Colorado’s wildfires require a drastic and collective fix
Climate change should be seen as a number one priority.
I live on a county road near the evacuation perimeter of what is now Colorado’s largest wildfire. Yesterday, the sheriff’s deputy was outside, his lights flashing red-blue-red, giving my house a strobe light effect. He was directing traffic as people fled the mountain with trailers filled with cattle and horses and goats and belongings.
The wind was roaring, first one direction and then another, which is why this fire blew up again. The Cameron Peak Fire has been burning for two months — a long two months — leaving me and most of my neighbors with a hacking cough and guts that feel like they’re filled with clay.
When we get the occasional blue sky day, I’m so relieved that I play hooky from work and walk up this county road, getting in exercise while I can, trying to clear my head while I can, obligations be damned. I truly find it hard to care about anything, which is saying something, given my personality. Even work is difficult on smoky days — my brain feels gritty because of ash and helicopters overhead and the grim anxiety in the air. It’s hard to process things, to be productive, to think.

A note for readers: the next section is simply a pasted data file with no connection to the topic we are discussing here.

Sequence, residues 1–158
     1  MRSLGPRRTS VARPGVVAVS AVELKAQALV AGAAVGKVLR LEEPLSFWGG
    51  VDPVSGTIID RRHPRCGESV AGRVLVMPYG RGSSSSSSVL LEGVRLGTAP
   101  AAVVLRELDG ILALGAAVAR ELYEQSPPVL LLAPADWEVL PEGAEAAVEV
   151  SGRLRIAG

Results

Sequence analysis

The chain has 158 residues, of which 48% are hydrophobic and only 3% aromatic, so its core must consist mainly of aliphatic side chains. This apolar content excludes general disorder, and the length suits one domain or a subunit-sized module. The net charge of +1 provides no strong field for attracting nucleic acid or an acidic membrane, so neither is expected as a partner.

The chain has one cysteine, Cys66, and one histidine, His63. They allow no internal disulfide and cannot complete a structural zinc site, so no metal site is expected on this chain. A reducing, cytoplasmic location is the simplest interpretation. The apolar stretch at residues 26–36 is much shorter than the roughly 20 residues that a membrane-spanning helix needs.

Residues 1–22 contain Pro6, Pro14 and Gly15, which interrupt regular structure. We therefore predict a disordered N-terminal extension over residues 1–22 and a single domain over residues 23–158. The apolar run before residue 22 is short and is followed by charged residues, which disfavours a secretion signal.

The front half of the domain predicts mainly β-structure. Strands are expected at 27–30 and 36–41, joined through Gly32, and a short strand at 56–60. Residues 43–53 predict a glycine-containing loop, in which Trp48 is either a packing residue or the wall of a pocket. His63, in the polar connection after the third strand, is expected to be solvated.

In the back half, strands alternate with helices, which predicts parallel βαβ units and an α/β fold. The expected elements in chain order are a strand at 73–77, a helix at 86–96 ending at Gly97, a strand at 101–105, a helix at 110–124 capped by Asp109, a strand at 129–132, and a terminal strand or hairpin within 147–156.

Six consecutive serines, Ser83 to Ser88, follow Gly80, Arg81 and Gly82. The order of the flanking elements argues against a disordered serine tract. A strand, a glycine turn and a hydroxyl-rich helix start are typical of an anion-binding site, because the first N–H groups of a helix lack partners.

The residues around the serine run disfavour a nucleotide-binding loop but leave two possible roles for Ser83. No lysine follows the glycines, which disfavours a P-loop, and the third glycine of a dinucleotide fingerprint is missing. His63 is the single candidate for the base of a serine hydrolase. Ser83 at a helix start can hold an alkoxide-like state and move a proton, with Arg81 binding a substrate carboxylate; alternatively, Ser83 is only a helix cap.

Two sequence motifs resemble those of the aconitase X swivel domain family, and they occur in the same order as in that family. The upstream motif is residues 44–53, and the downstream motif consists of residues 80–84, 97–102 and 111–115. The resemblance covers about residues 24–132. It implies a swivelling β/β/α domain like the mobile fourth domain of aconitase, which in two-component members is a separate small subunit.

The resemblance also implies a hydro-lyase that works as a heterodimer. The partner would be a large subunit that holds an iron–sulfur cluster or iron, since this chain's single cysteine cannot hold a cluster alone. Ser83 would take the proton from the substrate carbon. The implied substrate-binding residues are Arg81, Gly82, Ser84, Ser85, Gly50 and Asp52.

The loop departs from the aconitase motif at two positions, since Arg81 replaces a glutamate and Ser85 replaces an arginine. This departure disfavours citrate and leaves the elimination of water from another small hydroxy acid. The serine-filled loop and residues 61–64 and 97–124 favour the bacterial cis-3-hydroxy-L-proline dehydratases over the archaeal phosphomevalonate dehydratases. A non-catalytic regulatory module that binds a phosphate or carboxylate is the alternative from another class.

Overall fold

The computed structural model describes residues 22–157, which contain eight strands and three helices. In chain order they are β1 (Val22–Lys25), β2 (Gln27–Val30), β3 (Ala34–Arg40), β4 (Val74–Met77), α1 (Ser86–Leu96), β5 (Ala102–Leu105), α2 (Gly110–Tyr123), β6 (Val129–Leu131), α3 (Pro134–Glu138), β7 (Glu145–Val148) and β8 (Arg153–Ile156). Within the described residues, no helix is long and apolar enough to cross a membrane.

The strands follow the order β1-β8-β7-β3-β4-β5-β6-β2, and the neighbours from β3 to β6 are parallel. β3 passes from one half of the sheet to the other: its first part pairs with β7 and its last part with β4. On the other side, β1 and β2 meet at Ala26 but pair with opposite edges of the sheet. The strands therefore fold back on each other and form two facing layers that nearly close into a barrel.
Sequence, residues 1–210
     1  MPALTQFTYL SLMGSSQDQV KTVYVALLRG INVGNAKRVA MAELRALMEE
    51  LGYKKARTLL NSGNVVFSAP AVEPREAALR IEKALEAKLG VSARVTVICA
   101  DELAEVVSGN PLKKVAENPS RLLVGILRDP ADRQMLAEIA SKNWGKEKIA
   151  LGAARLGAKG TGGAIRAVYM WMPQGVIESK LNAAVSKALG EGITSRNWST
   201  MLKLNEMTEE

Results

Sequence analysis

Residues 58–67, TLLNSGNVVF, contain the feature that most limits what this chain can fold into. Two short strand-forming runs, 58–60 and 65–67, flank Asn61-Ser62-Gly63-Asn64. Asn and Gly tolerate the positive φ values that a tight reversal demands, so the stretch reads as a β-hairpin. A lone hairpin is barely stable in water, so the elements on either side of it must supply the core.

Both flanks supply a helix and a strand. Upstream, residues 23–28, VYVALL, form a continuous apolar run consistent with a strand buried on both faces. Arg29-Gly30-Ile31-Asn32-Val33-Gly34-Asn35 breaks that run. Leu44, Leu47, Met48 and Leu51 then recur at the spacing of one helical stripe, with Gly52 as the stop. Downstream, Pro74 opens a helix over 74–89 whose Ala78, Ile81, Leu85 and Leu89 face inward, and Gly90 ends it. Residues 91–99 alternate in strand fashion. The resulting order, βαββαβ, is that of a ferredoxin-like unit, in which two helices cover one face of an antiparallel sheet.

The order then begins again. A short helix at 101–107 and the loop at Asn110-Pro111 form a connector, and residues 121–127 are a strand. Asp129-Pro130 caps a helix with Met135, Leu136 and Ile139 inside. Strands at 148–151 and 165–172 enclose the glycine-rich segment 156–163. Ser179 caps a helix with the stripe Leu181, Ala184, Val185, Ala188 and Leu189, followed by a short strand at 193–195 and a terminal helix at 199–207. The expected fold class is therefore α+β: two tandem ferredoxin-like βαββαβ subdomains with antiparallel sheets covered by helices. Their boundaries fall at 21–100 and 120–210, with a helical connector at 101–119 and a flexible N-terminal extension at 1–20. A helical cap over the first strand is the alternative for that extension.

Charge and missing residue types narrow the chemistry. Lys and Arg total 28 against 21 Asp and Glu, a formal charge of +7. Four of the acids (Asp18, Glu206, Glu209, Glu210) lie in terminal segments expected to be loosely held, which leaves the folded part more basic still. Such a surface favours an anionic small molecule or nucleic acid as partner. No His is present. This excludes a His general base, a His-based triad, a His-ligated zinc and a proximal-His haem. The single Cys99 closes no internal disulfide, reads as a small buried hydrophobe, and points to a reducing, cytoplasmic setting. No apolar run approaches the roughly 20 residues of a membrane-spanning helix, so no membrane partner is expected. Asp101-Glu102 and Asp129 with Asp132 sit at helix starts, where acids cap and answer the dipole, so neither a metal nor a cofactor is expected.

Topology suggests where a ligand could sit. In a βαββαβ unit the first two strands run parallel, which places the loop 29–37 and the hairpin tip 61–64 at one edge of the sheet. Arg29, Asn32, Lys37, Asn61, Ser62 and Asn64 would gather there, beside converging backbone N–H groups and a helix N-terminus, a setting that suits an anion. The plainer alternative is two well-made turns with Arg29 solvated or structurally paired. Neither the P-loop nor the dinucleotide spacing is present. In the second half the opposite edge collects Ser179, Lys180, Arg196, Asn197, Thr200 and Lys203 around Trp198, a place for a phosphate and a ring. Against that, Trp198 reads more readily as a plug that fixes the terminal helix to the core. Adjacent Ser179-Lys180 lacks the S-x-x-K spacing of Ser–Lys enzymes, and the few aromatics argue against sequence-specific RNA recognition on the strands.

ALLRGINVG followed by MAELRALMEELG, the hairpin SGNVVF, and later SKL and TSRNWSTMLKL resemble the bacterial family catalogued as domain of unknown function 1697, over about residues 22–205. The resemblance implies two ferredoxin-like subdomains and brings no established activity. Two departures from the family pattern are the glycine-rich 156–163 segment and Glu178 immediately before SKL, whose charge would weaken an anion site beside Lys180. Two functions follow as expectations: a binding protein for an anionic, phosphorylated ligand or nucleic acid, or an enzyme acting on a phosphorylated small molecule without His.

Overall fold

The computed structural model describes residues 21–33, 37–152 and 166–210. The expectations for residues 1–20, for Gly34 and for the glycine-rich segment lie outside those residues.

I thought I’d be better at this, more resilient, less fazed. As a person born in Colorado, I’m used to wildfire. Plus, I know that these forests needed to burn. Not like this, sure, but we all knew they were a tinderbox, and it’s just a flat-out, predictable truth that they were going to go. On top of that, we know climate change makes it worse.
See the rest of the story here: https://www.hcn.org/articles/opinion-wildfire-colorados-wildfires-require-a-drastic-and-collective-fix
Laura Pritchett is a contributor to Writers on the Range, (writersontheerange.org), a nonprofit spurring lively conversation about the West. She is a novelist and directs the MFA in nature writing at Western Colorado University.